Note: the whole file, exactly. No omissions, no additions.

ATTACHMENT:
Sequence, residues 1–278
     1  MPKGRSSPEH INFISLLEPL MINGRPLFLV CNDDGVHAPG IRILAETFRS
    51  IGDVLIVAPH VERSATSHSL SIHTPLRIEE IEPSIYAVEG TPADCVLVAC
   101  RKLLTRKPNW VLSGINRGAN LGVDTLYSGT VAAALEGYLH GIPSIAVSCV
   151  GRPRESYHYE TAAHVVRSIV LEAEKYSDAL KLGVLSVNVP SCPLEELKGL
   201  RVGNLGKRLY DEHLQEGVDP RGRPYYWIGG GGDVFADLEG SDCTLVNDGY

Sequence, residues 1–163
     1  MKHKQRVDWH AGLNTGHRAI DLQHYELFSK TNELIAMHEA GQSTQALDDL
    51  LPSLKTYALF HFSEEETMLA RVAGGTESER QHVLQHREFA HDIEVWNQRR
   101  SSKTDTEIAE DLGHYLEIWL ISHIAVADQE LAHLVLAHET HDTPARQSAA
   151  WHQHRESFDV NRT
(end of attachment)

Sequence, residues 1–278
     1  MPKGRSSPEH INFISLLEPL MINGRPLFLV CNDDGVHAPG IRILAETFRS
    51  IGDVLIVAPH VERSATSHSL SIHTPLRIEE IEPSIYAVEG TPADCVLVAC
   101  RKLLTRKPNW VLSGINRGAN LGVDTLYSGT VAAALEGYLH GIPSIAVSCV
   151  GRPRESYHYE TAAHVVRSIV LEAEKYSDAL KLGVLSVNVP SCPLEELKGL
   201  RVGNLGKRLY DEHLQEGVDP RGRPYYWIGG GGDVFADLEG SDCTLVNDGY

Sequence, residues 1–163
     1  MKHKQRVDWH AGLNTGHRAI DLQHYELFSK TNELIAMHEA GQSTQALDDL
    51  LPSLKTYALF HFSEEETMLA RVAGGTESER QHVLQHREFA HDIEVWNQRR
   101  SSKTDTEIAE DLGHYLEIWL ISHIAVADQE LAHLVLAHET HDTPARQSAA
   151  WHQHRESFDV NRT